The modem in question plugged into a black powerbank.

Hackable $20 Modem Combines LTE And Pi Zero W2 Power

[extrowerk] tells us about a new hacker-friendly device – a $20 LTE modem stick with a quadcore CPU and WiFi, capable of running fully-featured Linux distributions. This discovery hinges on a mountain of work by a Chinese hacker [HandsomeYingYan], who’s figured out this stick runs Android, hacked its bootloader, tweaked a Linux kernel for it and created a Debian distribution for the stick – calling this the OpenStick project. [extrowerk]’s writeup translates the [HandsomeYingYan]’s tutorial for us and makes a few more useful notes. With this writeup in hand, we have unlocked a whole new SBC to use in our projects – at a surprisingly low price!

At times when even the simplest Pi Zero is unobtainium (yet again!), this is a wonderful find. For a bit over the price of a Zero 2W, you get a computer with a similar CPU (4-core 1GHz A53-based Qualcomm MSM8916), same amount of RAM, 4GB storage, WiFi – and an LTE modem. You can stick this one into a powerbank or a wallwart and run it at a remote location, make it into a home automation hub, or perhaps, process some CPU-intensive tasks in a small footprint. You can even get them with a microSD slot for extra storage – or perhaps, even extra GPIOs? You’re not getting a soldering-friendly GPIO header, but it has a few LEDs and, apparently, a UART header, so it’s not all bad. As [extrowerk] points out, this is basically a mobile phone in a stick form factor, but without the display and the battery.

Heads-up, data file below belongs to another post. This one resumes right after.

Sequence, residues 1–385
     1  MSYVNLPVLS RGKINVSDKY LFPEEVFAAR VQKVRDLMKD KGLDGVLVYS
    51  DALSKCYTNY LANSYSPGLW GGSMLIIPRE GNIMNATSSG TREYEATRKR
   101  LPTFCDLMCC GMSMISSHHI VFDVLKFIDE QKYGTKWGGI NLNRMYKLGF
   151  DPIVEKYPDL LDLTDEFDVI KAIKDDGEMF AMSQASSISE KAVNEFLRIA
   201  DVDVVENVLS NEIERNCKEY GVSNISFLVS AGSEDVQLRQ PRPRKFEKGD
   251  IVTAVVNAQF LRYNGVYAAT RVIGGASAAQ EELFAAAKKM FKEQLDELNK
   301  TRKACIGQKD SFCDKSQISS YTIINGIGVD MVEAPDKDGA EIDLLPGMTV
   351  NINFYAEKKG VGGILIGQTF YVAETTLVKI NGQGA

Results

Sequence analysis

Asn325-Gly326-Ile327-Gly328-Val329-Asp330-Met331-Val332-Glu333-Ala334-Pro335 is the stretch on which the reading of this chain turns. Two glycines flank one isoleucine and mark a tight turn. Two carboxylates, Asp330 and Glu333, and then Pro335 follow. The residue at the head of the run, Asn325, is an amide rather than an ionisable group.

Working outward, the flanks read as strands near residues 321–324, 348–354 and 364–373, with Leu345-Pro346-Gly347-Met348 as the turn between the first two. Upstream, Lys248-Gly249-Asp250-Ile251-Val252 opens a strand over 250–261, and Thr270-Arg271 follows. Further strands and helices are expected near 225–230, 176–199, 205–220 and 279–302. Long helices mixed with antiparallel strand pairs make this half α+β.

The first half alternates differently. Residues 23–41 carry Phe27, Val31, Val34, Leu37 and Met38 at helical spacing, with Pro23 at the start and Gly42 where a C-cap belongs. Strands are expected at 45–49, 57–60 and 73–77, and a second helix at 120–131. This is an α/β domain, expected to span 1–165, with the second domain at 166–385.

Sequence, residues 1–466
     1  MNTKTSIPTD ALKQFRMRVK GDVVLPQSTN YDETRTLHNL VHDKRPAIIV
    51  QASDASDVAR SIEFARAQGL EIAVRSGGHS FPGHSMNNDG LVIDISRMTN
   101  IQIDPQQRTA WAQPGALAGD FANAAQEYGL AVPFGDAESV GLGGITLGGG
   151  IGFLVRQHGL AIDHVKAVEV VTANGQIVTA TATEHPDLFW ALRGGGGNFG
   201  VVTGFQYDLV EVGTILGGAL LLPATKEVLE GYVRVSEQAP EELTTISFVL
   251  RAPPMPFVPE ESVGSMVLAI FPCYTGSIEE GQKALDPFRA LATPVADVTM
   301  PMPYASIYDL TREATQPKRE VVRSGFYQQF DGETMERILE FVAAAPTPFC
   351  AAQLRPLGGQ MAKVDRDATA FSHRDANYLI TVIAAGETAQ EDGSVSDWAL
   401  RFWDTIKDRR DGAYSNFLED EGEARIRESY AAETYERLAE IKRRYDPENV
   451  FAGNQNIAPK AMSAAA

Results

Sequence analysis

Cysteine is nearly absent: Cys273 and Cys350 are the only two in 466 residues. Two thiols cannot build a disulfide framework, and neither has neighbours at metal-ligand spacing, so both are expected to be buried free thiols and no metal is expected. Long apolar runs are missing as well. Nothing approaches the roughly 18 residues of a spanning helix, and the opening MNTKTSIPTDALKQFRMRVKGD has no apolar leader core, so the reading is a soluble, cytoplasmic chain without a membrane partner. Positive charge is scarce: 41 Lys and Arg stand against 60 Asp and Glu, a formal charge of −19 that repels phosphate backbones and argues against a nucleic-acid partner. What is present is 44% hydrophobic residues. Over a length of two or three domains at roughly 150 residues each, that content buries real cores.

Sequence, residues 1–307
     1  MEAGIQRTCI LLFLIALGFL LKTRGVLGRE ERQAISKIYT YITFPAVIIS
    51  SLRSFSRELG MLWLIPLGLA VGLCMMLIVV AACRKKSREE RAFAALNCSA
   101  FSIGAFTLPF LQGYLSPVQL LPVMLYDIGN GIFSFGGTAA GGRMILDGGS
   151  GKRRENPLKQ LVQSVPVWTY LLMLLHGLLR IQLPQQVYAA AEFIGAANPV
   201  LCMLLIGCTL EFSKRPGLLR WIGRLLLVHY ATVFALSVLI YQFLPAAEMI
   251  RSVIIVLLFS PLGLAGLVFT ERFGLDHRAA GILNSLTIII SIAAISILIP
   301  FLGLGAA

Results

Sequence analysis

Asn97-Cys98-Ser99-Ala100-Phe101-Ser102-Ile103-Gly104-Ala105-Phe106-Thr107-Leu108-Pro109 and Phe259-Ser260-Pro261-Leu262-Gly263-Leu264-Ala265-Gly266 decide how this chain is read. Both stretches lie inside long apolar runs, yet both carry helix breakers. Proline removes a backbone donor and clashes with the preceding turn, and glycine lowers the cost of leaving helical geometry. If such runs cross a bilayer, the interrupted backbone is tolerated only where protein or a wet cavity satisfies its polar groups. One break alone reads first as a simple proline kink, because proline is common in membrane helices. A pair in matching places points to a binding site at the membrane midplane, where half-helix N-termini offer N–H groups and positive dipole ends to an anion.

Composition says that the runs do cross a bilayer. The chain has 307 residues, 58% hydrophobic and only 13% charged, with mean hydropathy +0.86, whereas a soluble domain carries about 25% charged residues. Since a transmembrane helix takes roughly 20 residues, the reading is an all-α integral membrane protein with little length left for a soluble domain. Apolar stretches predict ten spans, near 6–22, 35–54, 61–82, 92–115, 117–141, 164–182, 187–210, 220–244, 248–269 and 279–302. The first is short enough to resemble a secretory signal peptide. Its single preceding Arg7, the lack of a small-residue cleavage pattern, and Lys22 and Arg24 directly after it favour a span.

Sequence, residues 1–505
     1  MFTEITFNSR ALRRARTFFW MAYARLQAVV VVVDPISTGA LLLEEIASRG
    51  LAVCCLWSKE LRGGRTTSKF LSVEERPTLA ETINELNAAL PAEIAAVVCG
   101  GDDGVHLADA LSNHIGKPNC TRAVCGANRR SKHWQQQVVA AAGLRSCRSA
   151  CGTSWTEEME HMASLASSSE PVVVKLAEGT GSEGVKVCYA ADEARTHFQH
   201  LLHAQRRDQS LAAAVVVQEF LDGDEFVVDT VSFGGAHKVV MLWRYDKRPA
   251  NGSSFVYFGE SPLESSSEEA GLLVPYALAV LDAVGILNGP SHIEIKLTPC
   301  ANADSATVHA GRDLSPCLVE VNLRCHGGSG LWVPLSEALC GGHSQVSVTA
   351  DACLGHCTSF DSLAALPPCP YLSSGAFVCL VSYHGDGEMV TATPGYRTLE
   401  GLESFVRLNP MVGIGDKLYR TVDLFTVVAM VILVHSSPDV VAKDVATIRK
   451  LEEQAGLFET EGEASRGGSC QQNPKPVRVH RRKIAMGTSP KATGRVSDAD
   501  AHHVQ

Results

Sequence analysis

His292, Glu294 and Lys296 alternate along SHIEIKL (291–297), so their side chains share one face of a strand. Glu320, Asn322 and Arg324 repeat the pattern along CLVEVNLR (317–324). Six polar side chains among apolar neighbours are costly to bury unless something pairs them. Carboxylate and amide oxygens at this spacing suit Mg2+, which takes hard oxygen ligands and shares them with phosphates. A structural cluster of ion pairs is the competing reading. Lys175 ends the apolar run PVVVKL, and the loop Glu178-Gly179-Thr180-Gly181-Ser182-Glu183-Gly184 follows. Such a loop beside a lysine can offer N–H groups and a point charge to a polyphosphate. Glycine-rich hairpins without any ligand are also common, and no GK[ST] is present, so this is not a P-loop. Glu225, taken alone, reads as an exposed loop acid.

The modem with its cover taken off, showing the chips on its board.Now, there’s caveats. [extrowerk] points out that you should buy the modem with the appropriate LTE bands for your country – and that’s not the only thing to watch out for. A friend of ours recently obtained a visually identical modem; when we got news of this hack, she disassembled it for us – finding out that it was equipped with a far more limited CPU, the MDM9600. That is an LTE modem chip, and its functions are limited to performing USB 4G stick duty with some basic WiFi features. Judging by a popular mobile device reverse-engineering forum’s investigations (Russian, translated), looks like the earlier versions of this modem came with the way more limited MDM9600 SoC, not able to run Linux like the stick we’re interested in does. If you like this modem and understandably want to procure a few, see if you can make sure you’ll get MSM8916 and not the MDM9600.

Days of using WiFi routers to power our robots are long gone since the advent of Raspberry Pi, but we still remember them fondly, and we’re glad to see a router stick with the Pi Zero 2W oomph. We’ve been hacking at such sticks for over half a decade now, most of them OpenWRT-based, some as small as an SD card reader. Now, when SBCs are hard to procure, this could be a perfect fit for one of your next projects.

Update: in the comments below, people have found a few links where you should be able to get one of these modems with the right CPU. Also, [Joe] has started investigating the onboard components!

Teardown: Verizon AC791L Jetpack 4G Mobile Hotspot

The saying “time and tide wait for no man” is usually used as a verbal kick in the pants, a reminder that sometimes an opportunity must be seized quickly before it passes by. But it can also be interpreted as a warning about the perpetual march of time and how it impacts the world around us. In that case, we would do well to add cellular technology to the list of proverbial things that wait for no one. Do you need 5G? No. Do you want it? Probably not. But it’s here, so be a good consumer and dump all your 4G hardware in the name of technical progress.